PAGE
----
Our stories capture the voices of some of the people we have helped become independent. While these stories are both inspiring and heart-breaking, they demonstrate the true life situations that people in Portland are dealing with and how Outside In is doing its part to help.
“Rarely in life are we given the opportunity to return to the places and experiences in our lives that have helped shape who we have become. Not that long ago, I was young and homeless. It was a time defined by loneliness, scarcity, and fear. Outside In helped me by providing meals, housing, counseling, and medical care. But what I also desperately needed–and received–was the opportunity to form supportive and appropriate relationships with adults who I felt genuinely cared about me. I am happy to tell you that Outside In helped me transition out of homelessness for the last time.
Today, I am a college graduate, a successful professional, and served as a member of Outside In’s Board of Directors.”
It was 1969 when Morgan knocked on our door with a 10-month-old baby in her arms. After four years of homelessness, she received shelter the first day she came to Outside In. Once she was stabilized in housing and the new mother and her baby boy were safe, she set out to get a job. A new idea at the time, Morgan recalls, “I had never seen a resource board before! There, in black and white, were jobs!” Through that board, Morgan found a job at a food co-op, and was able to utilize Outside In’s medical clinic when her infant son got sick.
After 41 years, Morgan’s time at Outside In has stuck with her: “I have always listened to a person, I mean really listened, as the people at Outside In listened to me. Your staff taught me to empower myself. I like teaching that to others too.”
Gregor was born in Colombia and adopted by an American family. But when he came out of the closet at age 17, his family disowned him, forcing him out, because they considered his gayness a form of mental illness. He had nowhere to turn until he discovered Outside In. With positive support from staff members and volunteers and a place to live, he studied every week for his GED. Gregor pursued his dreams and was accepted to every college he applied to – New York University, Julliard, and the City University of New York. He got a job at Nordstrom once he finished his GED and then moved to New York City to attend college.
In 1988, Tineke was living under the Burnside Bridge. She needed to see a doctor, but was scared to go, afraid that she would be treated badly. When she arrived at the clinic, she recalls, “We were surprised to find people who simply wanted to help us stay healthier.” Though the interaction was brief (a doctor cleaned her cut, she then she received antibiotics and a bandage), she says the impact was great. “I think a seed was planted that if I did want to change the way I was living, there were kind people in the world that could help make that happen. This was a revolutionary concept to consider. I will never forget the lesson.”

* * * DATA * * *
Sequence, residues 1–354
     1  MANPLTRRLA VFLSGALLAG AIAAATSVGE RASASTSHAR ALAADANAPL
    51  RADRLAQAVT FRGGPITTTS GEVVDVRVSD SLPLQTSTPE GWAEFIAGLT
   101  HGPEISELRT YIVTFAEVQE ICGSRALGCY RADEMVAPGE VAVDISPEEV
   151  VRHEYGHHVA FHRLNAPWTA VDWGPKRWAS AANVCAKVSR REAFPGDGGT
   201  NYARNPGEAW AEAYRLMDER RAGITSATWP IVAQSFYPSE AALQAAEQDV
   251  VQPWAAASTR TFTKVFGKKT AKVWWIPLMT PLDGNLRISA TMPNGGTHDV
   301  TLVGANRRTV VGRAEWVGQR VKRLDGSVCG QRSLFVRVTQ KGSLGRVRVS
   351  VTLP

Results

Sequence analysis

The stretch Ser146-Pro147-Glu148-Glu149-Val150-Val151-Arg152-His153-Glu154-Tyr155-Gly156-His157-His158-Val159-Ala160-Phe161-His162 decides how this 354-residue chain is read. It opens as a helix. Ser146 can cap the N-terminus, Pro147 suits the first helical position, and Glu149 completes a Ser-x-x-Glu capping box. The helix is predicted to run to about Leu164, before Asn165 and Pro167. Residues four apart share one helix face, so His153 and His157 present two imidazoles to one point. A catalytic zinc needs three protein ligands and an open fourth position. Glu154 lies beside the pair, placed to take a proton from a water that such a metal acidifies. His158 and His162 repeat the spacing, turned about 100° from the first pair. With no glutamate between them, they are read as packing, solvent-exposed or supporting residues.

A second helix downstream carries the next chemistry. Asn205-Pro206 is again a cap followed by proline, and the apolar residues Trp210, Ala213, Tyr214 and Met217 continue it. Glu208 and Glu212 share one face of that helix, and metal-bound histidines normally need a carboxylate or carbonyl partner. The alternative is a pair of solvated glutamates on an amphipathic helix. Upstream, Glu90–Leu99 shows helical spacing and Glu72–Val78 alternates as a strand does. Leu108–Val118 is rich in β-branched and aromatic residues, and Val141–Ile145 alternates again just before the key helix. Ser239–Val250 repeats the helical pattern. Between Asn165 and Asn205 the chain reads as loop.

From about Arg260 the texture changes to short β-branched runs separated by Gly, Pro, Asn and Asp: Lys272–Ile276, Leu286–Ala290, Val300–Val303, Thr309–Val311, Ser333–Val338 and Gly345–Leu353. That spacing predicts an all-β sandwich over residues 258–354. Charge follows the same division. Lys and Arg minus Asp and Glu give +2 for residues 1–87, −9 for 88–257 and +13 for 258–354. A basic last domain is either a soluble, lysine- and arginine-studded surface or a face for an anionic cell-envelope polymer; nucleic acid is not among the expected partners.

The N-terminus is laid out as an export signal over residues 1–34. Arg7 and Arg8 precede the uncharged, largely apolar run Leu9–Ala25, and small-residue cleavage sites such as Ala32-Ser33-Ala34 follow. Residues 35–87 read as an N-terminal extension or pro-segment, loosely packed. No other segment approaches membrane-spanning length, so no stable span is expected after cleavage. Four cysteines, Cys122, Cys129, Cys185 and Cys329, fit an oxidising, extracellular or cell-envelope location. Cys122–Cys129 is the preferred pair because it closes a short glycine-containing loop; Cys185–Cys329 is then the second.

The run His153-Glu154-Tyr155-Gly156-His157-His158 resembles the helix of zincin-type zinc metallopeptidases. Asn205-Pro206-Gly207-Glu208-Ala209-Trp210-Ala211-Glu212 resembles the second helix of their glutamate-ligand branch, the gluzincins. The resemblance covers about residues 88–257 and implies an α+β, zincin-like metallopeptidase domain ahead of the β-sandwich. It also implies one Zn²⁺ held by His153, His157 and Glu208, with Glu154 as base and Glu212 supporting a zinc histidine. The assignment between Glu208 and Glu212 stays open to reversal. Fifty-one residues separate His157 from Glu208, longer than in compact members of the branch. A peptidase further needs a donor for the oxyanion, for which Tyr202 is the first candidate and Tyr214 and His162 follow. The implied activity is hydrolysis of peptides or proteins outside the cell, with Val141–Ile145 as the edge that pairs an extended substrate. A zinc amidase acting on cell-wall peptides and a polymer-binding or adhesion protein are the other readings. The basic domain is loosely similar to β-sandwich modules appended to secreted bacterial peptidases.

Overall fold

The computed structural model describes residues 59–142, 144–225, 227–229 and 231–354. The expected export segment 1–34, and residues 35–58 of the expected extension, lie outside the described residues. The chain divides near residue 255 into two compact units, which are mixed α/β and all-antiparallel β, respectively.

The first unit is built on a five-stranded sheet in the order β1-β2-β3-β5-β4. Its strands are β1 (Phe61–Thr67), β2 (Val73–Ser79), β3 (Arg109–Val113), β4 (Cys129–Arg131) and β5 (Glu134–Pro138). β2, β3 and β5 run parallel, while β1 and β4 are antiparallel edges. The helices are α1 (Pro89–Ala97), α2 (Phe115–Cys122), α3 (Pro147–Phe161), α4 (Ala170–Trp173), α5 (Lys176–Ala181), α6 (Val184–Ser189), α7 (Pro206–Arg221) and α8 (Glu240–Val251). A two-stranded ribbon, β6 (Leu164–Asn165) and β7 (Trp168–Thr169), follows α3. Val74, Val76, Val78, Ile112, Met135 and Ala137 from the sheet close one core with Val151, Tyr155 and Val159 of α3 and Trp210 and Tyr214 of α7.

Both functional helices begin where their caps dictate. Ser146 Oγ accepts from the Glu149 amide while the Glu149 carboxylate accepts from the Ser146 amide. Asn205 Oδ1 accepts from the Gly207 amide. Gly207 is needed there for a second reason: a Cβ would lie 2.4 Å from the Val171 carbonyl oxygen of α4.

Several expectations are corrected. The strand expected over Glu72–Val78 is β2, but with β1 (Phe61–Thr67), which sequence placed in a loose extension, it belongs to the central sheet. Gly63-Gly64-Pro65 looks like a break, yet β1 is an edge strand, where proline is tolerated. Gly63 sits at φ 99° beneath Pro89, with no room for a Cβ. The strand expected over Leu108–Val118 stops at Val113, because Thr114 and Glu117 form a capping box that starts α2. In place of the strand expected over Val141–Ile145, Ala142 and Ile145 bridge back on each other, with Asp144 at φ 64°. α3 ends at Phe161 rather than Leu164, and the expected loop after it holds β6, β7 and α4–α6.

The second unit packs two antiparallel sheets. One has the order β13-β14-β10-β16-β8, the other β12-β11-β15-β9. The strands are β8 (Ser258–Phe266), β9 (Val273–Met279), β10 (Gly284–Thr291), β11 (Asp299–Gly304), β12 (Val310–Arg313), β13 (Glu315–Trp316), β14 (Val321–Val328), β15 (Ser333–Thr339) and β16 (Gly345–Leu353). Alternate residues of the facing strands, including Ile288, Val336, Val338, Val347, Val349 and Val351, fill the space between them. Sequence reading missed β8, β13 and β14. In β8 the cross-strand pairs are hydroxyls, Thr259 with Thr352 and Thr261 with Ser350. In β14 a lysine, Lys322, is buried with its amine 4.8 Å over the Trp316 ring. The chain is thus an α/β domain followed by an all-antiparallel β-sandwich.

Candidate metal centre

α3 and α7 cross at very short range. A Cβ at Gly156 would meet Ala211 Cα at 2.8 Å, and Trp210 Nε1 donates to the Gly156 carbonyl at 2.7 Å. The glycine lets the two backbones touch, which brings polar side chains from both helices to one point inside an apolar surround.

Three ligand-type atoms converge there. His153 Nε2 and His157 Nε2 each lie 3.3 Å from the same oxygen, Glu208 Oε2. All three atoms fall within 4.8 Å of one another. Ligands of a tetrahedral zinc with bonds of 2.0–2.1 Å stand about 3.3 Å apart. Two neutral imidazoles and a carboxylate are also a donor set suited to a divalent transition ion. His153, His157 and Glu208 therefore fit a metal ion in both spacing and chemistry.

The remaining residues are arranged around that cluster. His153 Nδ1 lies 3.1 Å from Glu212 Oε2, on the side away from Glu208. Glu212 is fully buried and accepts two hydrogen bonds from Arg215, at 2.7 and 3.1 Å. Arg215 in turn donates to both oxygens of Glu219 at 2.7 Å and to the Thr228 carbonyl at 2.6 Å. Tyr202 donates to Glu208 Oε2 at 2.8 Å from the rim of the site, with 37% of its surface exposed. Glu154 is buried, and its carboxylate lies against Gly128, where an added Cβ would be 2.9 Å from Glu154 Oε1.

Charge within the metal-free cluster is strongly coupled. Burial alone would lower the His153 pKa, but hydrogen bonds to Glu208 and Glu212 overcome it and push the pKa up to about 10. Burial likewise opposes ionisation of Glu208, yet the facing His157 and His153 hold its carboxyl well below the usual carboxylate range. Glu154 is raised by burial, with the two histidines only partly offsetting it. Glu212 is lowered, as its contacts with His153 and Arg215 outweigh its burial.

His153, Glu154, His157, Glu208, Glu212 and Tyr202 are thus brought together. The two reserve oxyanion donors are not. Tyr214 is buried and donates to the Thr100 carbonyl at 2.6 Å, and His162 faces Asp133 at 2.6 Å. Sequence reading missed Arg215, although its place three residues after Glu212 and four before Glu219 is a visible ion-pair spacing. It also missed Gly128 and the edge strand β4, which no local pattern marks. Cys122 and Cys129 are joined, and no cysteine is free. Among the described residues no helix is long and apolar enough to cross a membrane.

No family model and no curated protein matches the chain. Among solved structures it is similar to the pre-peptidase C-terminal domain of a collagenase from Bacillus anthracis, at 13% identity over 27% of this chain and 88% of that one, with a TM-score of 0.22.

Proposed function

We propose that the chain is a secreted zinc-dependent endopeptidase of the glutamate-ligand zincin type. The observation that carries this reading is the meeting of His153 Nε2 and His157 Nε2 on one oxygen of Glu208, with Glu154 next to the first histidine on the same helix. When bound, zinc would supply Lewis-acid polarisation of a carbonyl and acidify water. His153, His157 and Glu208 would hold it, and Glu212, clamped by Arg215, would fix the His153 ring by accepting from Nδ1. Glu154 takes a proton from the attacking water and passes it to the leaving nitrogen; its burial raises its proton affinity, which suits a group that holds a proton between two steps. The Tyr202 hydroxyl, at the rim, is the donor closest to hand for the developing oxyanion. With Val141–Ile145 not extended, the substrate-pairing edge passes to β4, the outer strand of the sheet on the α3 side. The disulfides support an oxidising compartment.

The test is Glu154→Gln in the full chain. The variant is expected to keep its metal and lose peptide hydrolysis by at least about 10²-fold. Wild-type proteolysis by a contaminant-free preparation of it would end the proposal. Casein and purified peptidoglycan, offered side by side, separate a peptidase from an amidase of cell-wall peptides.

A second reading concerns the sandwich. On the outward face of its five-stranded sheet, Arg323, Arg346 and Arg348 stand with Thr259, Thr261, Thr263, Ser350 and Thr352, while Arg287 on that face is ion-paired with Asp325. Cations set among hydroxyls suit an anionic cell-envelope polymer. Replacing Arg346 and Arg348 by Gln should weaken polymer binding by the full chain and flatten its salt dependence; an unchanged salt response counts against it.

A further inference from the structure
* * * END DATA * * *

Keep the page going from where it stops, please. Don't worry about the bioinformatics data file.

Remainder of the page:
Today, Tineke is in medical school at the National College of Natural Medicine and she volunteers several times a week at Outside In, providing medical care to patients.
At age 16, Alex found himself sleeping inside newspaper drop boxes. When he admitted to himself that his lifestyle was unsustainable, he came to Outside In for help. Alex worked with his case manager to obtain transitional housing and he got a job at a food shop in Pioneer Place. Today, Alex has a 3.5 GPA at Portland State University. He’s majoring in Communications and doing consulting work involving interpersonal communications in the workplace.
When most teenagers are going on first dates and doing homework, Emily was battling clinical depression. She even attempted suicide. Then, she was kicked out of her house. Bouncing between friends and other family members didn’t last long and Emily ended up on the streets. Luckily, Emily found Outside In. While living in transitional housing, she got a job and became a college student, working toward a degree in political science.
Today, Emily is an advocate for kids in her former situation. She used to call herself a “street kid,” but she says at Outside In, they didn’t think of her as a street kid, but rather as a “youth who lacked positive support and role models, in desperate need of being pointed in the right direction and given opportunities.”
Hali became homeless at 16. On the streets from 1991-1994, she was struggling with drug addiction and turned to survival sex. This negative pathway ended when she came in contact with Outside In. She was given an apartment, psychological and drug counseling, and was helped to get a job at Street Roots. For the first time in several years, Hali could see a doctor. She writes, “Outside In showed me the care that I wasn’t able to get from my mom or my family. If it weren’t for Outside In, I would probably be doing the same thing I had always done-selling myself for money, being used by men… Because of them, I got my self-esteem back.”
Today, Hali is clean and sober, happily married, and the proud mother of two boys. She’s in the process of becoming a substance abuse counselor, owns two homes in Oklahoma where she lives now, and with her husband and sons, she restores classic American cars for fun.
“I went through a tough period in my life. During that time I did not make very wise decisions and I was not thinking about how any of those choices and decisions would affect me in the future. My tattoos were a reminder of that time in my life. It is hard to look at yourself in the mirror and have a constant reminder every day.
I was fortunate enough to be accepted into the Tattoo Removal Program at Outside In. To see the tattoos fade after each treatment is fabulous! Now when I look at myself I do not see that person from so long ago, I see me!”